Feb 13, 2012
When I arrived back at the hotel, one of the staff told me that I’d be picked up for my next tour in 30 minutes, which would have been 1:30. I quickly went upstairs, changed and got ready for my next adventure even though I wasn’t sure what it was. I was ready at 1:30, sat down and waited for my next driver.
After a few minutes, the hotel staff came over and asked me to come with him into the office. He had pulled up Google translate and had typed in Spanish and it automatically translated it to English, that my driver would be there at 3pm. Phew! I could actually go relax for a bit. And, I now knew about Google Translate which would be my new best friend!
At 3pm, I headed back down and I met with my driver, Darwin and my own personal tour guide, Mariana who the hotel had arranged just for me to take me to The Charles Darwin Station.
All of us, Darwin, Mariana, Nandrea (from the hotel) and myself all went to El Chocolate Restaurante for lunch. Then Darwin drove us to the Charles Darwin Station and Mariana and I walked in (about 1 – 1.5 kms).
Mariana was super sweet and spoke almost perfect English. I had a great chat with her about all kinds of things and felt like I could ask her any questions at all that I wanted to. Apparently she used to work for the hotel, but hasn’t for quite awhile as she’s been working on home renovations. Today, the hotel had called her in as they needed her help – this was to help me as she could be an English speaking guide at Charles Darwin Station.
We walked slowly around the station in the rain and she explained all about the four different types of turtle shells, about the predators and about how different turtles are from different islands, so when they breed them, they don’t mix them … in order to keep the species from changing.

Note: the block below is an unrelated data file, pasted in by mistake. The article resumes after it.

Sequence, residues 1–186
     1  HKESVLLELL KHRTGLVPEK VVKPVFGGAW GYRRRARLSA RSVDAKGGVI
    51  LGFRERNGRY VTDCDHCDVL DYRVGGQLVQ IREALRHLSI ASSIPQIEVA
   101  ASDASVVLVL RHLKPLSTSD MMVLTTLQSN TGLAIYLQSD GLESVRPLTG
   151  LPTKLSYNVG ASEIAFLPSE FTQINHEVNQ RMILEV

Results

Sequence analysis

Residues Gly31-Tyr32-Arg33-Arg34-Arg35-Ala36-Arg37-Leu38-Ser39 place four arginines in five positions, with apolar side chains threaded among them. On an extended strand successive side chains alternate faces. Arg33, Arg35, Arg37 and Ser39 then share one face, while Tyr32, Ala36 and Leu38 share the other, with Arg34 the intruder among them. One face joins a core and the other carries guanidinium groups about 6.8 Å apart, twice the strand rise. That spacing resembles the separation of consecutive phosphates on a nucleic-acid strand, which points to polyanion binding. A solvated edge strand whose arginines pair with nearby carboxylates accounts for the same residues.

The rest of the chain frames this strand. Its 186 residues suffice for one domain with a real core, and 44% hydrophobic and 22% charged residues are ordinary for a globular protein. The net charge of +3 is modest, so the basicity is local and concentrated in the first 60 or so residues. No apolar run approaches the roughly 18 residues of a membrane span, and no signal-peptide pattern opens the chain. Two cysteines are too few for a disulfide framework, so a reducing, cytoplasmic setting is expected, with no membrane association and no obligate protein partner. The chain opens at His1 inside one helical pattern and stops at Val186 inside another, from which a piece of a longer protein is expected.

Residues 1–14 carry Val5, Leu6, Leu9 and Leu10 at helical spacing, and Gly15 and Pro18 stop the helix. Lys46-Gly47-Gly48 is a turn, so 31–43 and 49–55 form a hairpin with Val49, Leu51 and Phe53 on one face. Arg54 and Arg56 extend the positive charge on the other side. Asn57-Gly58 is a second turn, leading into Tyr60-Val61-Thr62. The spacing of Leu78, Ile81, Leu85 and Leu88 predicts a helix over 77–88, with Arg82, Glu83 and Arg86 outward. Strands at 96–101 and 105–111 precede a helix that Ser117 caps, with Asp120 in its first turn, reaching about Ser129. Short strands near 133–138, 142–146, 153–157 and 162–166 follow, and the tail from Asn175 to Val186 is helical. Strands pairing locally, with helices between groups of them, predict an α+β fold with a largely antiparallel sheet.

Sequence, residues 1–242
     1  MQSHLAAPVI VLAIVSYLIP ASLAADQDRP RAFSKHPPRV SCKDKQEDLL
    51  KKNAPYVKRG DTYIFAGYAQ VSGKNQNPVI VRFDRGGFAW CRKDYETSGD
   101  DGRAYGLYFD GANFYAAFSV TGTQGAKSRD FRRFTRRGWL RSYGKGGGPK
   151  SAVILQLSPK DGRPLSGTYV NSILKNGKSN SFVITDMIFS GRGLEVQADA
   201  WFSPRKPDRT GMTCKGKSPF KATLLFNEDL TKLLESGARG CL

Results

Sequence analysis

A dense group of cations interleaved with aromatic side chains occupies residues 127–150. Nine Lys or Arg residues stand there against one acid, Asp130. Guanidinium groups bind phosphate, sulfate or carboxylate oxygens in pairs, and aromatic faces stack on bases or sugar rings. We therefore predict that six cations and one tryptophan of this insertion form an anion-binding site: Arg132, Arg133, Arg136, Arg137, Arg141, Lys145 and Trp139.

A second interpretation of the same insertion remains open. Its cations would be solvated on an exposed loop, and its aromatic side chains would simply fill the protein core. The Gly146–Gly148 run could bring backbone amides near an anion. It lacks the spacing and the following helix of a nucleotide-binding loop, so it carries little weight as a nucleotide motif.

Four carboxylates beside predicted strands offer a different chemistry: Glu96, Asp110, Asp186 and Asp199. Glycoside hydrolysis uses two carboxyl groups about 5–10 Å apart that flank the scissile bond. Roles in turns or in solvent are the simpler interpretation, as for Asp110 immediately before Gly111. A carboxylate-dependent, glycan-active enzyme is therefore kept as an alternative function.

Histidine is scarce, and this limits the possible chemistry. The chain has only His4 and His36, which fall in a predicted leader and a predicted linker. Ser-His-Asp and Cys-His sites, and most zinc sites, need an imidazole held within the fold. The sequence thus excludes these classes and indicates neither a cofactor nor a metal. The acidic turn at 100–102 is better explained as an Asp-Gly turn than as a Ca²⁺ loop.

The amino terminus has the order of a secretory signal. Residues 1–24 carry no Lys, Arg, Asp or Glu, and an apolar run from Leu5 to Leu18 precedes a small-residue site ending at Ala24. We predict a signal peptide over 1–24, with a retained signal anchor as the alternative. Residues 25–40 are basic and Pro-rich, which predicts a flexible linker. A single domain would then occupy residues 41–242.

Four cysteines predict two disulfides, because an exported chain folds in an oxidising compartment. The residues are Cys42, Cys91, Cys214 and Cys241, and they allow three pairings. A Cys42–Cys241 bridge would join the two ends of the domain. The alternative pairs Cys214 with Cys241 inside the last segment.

Mariana took me to each of the different turtle ‘cages’ and explained the type of turtle, their age and what type of shell they had, as well as what island they were from. The baby turtles were really cute!
Next up we stopped to see some land iguanas, but they were being shy and hiding from the rain. Unfortunately I didn’t get any photos of them.
We then went to see larger turtles. These guys were so close to the fence that I was able to get great shots of them. Look, they are holding hands! Isn’t that sweet?Ok, really, it is two male turtles and I think they were just to lazy to move out of each others way, but it made for cute photos.
Last, but not least was Lonesome George. Lonesome George is over 100 years old and is the only remaining turtle of his species still alive. He is from Pinta island, but has been living in captivity for quite some time.
They have paired him with two females who are the closest to his species, however in the last few years, no reproduction has been successful.
On my way out, I stopped by the tourist store. I found some great t-shirts and other trinkets, but convinced myself not to pay the over priced tourist rate when I could find things much cheaper in the community of Santa Cruz.